A student who taunted a sexual assault survivor online as part of a Merewether High scavenger hunt was barred from the year 12 graduation last week and is facing more disciplinary action.
Students participating in the end-of-school scavenger hunt last Wednesday were encouraged to score points by sending messages defending pedophilia to an 18-year-old university student.
"Start an argument with [woman's name] on why pedophiles aren't that bad," the challenge read.
The woman, who had been molested between the ages of 4 and 10, received a Facebook message from one boy saying: "I really think paedophiles aren't that bad!"
She replied: "And why do you say that?"
The boy said: "Because my uncle was one, and I think he's a good bloke? Is there anything bad about that?"
"Dunno if you're taking the piss or not but surely you are not trying to defend pedos rn [right now] my guy," she said.
He replied: "No like everyone is human, we are all the same black white, pedo not pedo."
The woman, who left school in year 10 and has started university, did not know she was part of the scavenger hunt until a friend at the school contacted her.
A NSW Department of Education spokesperson said students at the school had been warned about engaging in inappropriate behaviour.
"We strongly advised students to refrain from taking part in inappropriate or unsafe activities to mark the end of their schooling, and the overwhelming majority celebrated without incident," the spokesperson said.
"The posts setting up the 'hunt' were not from a student or students enrolled at Merewether High School, and the school referred the matter to police."
The victim of the prank posted a message on Facebook on Wednesday calling out a former Merewether High student who had thought up the challenge.
"Shout out to [man's name] for creating the year 12 scavenger hunt list and making one of the challenges to message me and joke about me being molested by my uncle," she wrote.
" ... you turned my trauma and pain into a scavenger hunt challenge for the whole of year 12 to see and have the option to participate in.
"i'm beyond speechless on how someone can be so cruel and heartless."
The posts attracted hundreds of comments, some threatening the 19-year-old with harm, and were later removed by Facebook.
The woman's mother told the Daily Mail that the incident had caused her daughter and family "irreparable damage".
"She's so broken again," the mother said.
"She'd been trying to build up trust in people. She's just said to me, 'What's the use?' It's just heartbreaking.
" ... I'm so terrified now. I'm praying, and I've made her promise she won't hurt herself.
'We were finally starting to see a light at the end of the tunnel and now we're back at square one.
"As a mother, I helped her put the pieces back together and now they've just totally fallen apart again because of one person's idea of funny."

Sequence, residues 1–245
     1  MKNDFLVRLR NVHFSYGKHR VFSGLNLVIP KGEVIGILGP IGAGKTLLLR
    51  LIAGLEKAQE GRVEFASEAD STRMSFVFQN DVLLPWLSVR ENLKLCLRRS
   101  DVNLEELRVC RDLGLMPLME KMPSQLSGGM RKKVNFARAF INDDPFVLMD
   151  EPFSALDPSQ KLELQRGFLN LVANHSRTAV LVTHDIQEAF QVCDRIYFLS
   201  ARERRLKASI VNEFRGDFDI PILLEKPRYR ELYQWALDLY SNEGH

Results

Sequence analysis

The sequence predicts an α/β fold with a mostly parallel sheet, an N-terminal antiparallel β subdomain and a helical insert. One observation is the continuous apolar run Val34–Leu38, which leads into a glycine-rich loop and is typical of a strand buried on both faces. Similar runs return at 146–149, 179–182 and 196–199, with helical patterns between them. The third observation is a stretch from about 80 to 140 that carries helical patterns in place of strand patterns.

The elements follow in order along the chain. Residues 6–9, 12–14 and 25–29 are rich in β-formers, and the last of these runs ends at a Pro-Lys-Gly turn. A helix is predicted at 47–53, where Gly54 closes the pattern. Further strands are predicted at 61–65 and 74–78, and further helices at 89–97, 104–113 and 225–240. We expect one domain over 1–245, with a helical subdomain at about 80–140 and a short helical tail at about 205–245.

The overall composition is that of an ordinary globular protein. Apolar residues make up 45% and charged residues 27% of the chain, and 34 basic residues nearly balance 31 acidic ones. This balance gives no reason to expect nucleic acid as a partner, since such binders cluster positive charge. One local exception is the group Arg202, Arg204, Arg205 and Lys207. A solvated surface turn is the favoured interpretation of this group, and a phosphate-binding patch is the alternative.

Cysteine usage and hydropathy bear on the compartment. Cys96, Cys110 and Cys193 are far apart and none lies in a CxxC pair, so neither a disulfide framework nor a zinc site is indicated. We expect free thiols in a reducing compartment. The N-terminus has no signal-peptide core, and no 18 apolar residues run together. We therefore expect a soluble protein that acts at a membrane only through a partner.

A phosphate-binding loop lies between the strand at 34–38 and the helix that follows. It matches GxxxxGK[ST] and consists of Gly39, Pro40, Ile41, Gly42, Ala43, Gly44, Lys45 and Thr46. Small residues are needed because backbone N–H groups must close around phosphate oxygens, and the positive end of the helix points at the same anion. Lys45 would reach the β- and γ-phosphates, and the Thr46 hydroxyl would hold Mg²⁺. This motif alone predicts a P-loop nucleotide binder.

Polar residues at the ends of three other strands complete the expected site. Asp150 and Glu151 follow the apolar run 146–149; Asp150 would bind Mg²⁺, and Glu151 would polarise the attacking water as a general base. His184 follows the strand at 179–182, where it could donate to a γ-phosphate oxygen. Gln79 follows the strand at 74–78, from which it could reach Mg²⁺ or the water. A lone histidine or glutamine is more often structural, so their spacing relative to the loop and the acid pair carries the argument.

The Newcastle Herald attempted to contact the girl's mother for comment.
The 19-year-old responsible for the prank challenge graduated from Merewether High last year, and, as one of the winners of the 2019 scavenger hunt, was part of the team that set this year's list.
His mother said on Monday that her son had apologised to the woman and the incident showed the destructive power of "thoughtlessly" misusing social media.
"My son is part of an organising team of a scavenger hunt who has put no thought into it and then there's a massive ripple effect to a poor girl that's had her life rocked," she said.
"This whole scavenger hunt thing is ridiculous. They're crazy.
"There's no thought that goes into the consequences of a thoughtless act they think is funny."
The mother, who has four other children aged 8 to 18, said she feared for her family's safety after her son had received death threats.
Two of his siblings had been harassed at school and online and her own picture had been shared on Facebook with comments questioning "what kind of a mother could raise such a monster".
"People, of course, deserve to be angry," she said.
"He deserves to suffer the consequences of being thoughtless, but it's beyond reasonable.
"We've also had our lives rocked because of the way it spread so quickly in 20 minutes on social media.
"There's so much hate and vindictiveness going on. People are so quick to say things that are defaming or threatening.
"Yes, they're angry, and I understand that, but they're doing things that are equally as bad as the thing that started their anger off in the first place.
"As a parent, I want to raise this so people think about the consequence of things on social media."
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